In the late eighties and early nineties, Aki Kaurismäki (The Match Factory Girl), the master of the deadpan, fashioned a waggish fish-out-of-water tale about a U.S. tour by “the worst rock-and-roll band in the world.” Leningrad Cowboys Go America’s posse of fur-coated, outrageously pompadoured hipsters struck such a chord with international audiences that the fictional band became a genuine attraction, touring the world. Later, Kaurismäki created a sequel, Leningrad Cowboys Meet Moses, and filmed a gigantic stadium show the band put on in Helsinki for the rollicking documentary Total Balalaika Show. With this Eclipse series, we present these crackpot musical and comic odysseys, along with five Leningrad Cowboys music videos directed by Kaurismäki.
Set Includes: Leningrad Cowboys Go America
A struggling Siberian rock band leaves the lonely tundra to tour the United States because, as they are told, “they put up with anything there.” Aki Kaurismäki’s winningly aloof farce follows the men as they bravely make their way across the New World, carrying a coffin full of beer and sporting hairdos like unicorn horns. Leningrad Cowboys Go America was such a sensation that the band gained a real-life cult following.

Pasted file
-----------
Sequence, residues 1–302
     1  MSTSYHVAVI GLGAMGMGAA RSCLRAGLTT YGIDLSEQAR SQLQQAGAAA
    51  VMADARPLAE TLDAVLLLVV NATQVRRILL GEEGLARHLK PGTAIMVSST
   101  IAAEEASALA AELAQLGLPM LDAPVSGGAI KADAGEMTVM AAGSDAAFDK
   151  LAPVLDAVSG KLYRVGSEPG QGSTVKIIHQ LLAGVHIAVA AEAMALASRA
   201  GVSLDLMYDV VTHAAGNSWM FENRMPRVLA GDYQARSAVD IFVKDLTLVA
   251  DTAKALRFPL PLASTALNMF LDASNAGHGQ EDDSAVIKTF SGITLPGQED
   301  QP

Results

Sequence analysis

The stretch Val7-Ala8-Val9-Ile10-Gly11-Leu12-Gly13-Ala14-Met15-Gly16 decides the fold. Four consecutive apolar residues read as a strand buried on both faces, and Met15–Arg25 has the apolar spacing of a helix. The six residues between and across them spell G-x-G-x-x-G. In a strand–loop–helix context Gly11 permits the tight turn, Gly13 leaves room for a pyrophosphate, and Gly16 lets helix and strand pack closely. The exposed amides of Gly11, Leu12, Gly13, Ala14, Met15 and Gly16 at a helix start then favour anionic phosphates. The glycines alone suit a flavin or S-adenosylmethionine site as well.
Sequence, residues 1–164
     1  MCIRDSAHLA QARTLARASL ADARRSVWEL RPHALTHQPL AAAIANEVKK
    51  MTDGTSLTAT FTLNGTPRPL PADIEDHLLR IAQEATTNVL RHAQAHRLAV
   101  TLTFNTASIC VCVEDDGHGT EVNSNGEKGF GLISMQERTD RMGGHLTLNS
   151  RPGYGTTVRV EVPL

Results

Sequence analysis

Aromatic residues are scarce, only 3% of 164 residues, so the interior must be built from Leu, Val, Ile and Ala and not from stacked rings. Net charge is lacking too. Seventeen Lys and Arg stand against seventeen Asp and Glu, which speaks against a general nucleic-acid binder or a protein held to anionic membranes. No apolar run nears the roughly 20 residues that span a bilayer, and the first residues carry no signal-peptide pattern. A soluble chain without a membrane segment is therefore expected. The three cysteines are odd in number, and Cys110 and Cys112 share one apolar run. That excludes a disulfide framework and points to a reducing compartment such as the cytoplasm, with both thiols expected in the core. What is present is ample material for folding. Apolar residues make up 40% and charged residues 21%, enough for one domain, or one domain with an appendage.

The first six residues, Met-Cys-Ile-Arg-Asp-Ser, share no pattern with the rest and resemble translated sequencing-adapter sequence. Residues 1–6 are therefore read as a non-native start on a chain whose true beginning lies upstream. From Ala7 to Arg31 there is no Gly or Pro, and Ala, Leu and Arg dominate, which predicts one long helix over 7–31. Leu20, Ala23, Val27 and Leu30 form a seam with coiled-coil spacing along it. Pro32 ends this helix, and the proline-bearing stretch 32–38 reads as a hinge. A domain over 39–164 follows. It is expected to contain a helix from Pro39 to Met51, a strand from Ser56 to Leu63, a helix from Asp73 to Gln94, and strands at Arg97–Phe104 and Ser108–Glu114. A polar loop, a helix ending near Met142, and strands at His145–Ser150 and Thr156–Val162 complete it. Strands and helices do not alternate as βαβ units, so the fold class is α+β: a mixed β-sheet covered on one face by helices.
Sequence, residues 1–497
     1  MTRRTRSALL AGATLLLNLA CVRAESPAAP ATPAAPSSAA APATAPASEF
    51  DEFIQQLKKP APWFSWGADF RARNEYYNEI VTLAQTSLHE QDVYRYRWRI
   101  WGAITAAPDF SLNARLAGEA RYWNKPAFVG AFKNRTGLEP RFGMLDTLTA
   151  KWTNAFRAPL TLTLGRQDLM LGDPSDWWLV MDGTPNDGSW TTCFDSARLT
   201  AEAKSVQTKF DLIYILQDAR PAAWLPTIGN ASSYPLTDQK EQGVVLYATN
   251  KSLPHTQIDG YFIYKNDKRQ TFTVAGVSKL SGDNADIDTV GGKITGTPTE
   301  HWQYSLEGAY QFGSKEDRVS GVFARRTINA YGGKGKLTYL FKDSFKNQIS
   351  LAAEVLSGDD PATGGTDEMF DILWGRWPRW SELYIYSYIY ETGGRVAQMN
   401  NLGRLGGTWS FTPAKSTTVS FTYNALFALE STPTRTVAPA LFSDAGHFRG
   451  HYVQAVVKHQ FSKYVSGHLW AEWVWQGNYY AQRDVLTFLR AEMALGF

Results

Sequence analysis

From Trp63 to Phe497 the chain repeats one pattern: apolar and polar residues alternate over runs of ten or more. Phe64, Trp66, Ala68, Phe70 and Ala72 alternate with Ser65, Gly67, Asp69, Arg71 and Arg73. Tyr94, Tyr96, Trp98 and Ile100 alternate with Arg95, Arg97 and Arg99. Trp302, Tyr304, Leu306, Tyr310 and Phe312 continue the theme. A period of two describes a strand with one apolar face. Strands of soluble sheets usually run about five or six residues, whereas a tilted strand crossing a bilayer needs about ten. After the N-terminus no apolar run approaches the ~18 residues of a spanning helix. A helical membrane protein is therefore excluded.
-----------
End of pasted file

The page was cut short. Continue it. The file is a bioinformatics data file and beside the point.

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Leningrad Cowboys Meet Moses:
Living in Mexico with a top-ten hit under their belts, the Leningrad Cowboys have fallen on hard times. When they move north to rejoin their manager (Kaurismäki mainstay Matti Pellonpää) for a gig in Coney Island, he seems to have turned into a delusional self-proclaimed prophet who wishes to lead them back to the promised land of Siberia. Like the first installment, Leningrad Cowboys Meet Moses is a road movie, but this time the humorous hardships come from the rocky terrain of the new Europe. 1994
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Total Balalaika Show:
Kaurismäki’s documentary of the Leningrad Cowboys’ massive Helsinki Square concert, on Finland’s largest stage, is a loving tribute to the rock band he made famous. Seventy thousand people from Finland and Russia turned out for this megaspectacle, with musical selections, from Sibelius to Bob Dylan, that crossed genre and national divides. And the band was joined onstage by the 150-member Russian Red Army Choir; Variety called it “the most incongruous—and inspired—cross-cultural pairing since Nureyev danced with Miss Piggy.”
Also Featuring the following Leningrad Cowboys music videos: Rocky VI, Thru the Wire, L.A. Woman, These Boots, and Those Were the Days